JACKSON, Wyo., Oct. 26 (UPI) -- Wolves still generate controversy and litigation 13 years after being reintroduced to Yellowstone National Park, U.S. wildlife officials say.
Environmentalists were outraged Friday by a U.S. Fish and Wildlife Service move to revive a 2007 plan to remove the gray wolf of the northern Rockies from the Endangered Species List.
More litigation is certain as the Wildlife Service presses forward with its belief that wolf numbers have recovered enough to let states take over their management, The Washington Post reported Sunday.
"All wolf stuff will always be in court. Wolf stuff has nothing to do with reality; it's all about symbolism." said Ed Bangs, the Service's wolf coordinator, noting wolves have been romanticized and demonized for thousands of years.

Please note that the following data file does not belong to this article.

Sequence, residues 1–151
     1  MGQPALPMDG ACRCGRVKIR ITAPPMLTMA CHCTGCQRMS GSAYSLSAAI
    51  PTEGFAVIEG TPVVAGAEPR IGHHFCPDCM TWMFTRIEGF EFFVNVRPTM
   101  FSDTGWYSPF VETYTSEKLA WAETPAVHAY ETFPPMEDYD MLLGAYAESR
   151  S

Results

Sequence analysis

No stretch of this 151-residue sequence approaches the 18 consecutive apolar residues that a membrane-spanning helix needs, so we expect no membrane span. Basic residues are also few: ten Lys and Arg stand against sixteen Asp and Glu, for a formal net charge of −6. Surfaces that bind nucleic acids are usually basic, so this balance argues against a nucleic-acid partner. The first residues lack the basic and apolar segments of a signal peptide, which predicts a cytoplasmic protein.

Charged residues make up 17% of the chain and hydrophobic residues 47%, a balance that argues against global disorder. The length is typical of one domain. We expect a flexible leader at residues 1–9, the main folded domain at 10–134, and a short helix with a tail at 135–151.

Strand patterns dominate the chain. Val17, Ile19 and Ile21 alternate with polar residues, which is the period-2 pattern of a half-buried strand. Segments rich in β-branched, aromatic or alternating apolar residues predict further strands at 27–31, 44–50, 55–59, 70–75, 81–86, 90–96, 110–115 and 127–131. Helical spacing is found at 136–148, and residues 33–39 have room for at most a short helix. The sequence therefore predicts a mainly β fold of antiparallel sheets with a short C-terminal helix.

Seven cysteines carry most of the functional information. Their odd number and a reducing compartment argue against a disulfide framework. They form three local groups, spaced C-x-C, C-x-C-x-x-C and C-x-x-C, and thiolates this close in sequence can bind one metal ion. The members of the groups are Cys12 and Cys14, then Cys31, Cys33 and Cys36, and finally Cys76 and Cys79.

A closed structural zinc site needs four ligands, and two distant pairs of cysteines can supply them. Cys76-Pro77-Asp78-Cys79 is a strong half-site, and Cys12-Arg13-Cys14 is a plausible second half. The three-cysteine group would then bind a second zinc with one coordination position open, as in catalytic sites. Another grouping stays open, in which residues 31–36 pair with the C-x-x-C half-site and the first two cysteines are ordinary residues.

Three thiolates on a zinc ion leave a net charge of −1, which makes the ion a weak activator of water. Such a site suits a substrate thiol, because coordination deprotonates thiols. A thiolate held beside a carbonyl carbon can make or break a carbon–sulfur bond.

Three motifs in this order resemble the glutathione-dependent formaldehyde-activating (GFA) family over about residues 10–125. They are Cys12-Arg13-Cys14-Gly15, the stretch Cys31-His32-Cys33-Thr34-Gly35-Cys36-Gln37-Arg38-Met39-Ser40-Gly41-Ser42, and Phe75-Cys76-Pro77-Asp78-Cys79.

Last winter's population of 1,513 wolves in the northern Rockies has dropped and no one is sure why, Bangs said, predicting a population of about 1,450 wolves this winter, which many hunters and ranchers say is still too many, the Post reported.
In September, the gray wolf was returned to the endangered list in Minnesota after having been removed in 2007.